Darina Mazdyuk knew exactly what she was doing when she stepped into the cage with an opponent who outweighed her by almost 400 pounds.
This Saturday, Mazdyuk (3-1) competes at Bellator 269 in her first fight since defeating a 529-pound man in an intergender exhibition fight in Moscow last November. Footage of the freak show encounter quickly went viral and its notoriety eventually led to Mazdyuk being signed to Bellator in December.
Mazdyuk now fights Katarzyna Sadura (4-4) in a flyweight bout in her Bellator debut, and ahead of that encounter, she spoke about how her intergender bout was all part of a plan to get signed to a major promotion.
“It was actually me who initiated it initially,” Mazdyuk said via a Russian translator at Bellator 269 media day on Tuesday. “I got the idea of fighting someone huge and then used that as a promotional value for not just Russia, but also for the U.S. and for other countries — and it turns out that this way I was able to draw attention to myself and this way I scored a Bellator contract.”
Mazdyuk noted that the women’s mixed martial arts scene has developed more slowly than it has for their male counterparts, which is one reason why she thought outside of the box to garner more exposure.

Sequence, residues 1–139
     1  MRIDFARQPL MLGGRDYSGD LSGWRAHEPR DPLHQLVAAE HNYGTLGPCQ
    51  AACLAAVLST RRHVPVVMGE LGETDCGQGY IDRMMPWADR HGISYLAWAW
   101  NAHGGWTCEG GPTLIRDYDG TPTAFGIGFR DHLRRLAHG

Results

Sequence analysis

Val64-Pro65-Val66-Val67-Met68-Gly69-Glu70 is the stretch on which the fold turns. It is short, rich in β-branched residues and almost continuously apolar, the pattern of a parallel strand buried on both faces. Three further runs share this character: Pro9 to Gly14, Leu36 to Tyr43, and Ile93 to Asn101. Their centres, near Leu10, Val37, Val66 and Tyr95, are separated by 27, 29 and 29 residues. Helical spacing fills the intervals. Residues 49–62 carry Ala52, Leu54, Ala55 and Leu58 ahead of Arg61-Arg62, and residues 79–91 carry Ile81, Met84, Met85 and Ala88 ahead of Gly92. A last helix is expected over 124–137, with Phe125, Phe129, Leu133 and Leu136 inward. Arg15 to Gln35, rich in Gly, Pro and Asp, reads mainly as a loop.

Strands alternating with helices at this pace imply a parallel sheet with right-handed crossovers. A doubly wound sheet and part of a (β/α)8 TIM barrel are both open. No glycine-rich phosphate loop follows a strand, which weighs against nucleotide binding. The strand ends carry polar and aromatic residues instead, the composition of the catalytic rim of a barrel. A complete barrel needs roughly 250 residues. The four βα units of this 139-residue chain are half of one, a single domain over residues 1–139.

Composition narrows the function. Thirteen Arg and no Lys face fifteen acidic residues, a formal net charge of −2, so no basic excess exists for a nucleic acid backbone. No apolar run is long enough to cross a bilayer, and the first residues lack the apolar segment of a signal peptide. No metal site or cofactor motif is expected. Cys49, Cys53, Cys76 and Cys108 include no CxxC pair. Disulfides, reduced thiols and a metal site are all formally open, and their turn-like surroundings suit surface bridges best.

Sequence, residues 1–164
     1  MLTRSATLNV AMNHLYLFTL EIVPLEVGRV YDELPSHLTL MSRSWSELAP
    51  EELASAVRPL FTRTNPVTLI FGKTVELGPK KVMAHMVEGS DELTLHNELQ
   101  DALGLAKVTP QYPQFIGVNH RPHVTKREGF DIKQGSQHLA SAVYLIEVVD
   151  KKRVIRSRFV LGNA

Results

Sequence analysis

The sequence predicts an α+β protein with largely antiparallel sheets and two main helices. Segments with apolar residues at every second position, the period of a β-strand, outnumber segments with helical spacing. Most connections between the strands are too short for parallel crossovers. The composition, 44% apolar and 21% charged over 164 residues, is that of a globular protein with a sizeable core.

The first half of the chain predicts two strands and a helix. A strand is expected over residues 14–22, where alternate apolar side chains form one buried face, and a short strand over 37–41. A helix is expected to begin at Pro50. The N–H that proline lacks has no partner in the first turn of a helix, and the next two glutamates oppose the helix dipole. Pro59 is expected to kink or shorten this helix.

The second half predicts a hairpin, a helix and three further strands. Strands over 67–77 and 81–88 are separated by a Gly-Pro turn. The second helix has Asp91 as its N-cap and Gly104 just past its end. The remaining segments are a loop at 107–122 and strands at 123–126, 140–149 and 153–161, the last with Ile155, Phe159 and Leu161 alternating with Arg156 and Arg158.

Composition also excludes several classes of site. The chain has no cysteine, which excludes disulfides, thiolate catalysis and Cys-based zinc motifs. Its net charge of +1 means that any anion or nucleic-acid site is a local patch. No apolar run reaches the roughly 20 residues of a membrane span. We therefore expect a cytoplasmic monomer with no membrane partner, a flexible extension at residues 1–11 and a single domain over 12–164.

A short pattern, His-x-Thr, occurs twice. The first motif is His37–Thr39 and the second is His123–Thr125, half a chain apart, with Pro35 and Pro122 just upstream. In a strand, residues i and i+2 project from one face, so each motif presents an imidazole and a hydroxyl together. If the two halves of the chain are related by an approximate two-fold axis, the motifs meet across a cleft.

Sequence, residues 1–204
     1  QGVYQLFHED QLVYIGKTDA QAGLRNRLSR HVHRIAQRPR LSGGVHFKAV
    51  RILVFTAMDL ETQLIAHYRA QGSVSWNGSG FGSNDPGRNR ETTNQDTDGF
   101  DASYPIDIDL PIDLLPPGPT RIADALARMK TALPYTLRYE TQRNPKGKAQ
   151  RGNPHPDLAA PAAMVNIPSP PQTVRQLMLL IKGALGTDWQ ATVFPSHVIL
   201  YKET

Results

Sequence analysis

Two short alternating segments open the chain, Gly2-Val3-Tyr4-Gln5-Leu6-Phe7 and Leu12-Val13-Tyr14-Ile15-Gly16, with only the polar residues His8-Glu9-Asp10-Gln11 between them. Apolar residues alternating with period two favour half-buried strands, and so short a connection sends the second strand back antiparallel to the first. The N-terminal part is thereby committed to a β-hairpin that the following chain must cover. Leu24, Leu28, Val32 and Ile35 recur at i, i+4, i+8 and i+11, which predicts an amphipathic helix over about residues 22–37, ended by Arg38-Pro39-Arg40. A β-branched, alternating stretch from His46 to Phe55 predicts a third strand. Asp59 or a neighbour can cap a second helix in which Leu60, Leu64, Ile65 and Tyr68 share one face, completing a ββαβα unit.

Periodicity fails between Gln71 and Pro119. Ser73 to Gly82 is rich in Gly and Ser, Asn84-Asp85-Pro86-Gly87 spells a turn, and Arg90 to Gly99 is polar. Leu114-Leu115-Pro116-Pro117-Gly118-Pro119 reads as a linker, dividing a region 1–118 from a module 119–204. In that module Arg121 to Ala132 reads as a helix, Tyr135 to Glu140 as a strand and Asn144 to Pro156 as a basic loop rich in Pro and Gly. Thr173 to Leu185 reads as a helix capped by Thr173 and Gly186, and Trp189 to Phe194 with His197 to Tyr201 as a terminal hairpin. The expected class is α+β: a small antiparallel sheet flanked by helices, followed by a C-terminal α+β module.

If anything, she figured she would create a situation that the vast majority of sports fans had never seen before.
“That was kind of the goal, to reach a lot of people and to actually show to the crowd that such fights can exist,” Mazdyuk said. “They can take place and how exciting they can be. I believe that such sports are particularly exciting and particularly something to look at aside from your normal, classical, traditional point of view of fighting, so that was a goal for me.”
Despite the clip’s popularity, not everyone was enthusiastic about the bizarre matchup, with some questioning its legitimacy and others just flat-out expressing disgust over the fight. Veteran referee Marc Goddard described the clip as “shameful.”
Mazdyuk shrugged off the criticism, for the most part.
“The bigger you get, the more things people say about you,” Mazdyuk said. “This is quite reasonable and it’s the only way to get to the top, pretty much. I’m ready. I basically filter out all the negativity there is and just focus on what’s right.”
Now that Mazdyuk is signed to a major North American promotion, it’s doubtful she’ll be facing off with any men in the near future. In fact, the Russian fighter doubts that there’s much of a market for another encounter now that she and her opponent have left their own unique mark on combat sports.
“The fight, the kind that I set up, was in fact so [popular] that nothing is going to overshadow that fight, whoever tries to do that next,” Mazdyuk said. “I don’t believe that there is much of a future to that kind of style.”
MMA Fighting’s Damon Martin contributed to this story.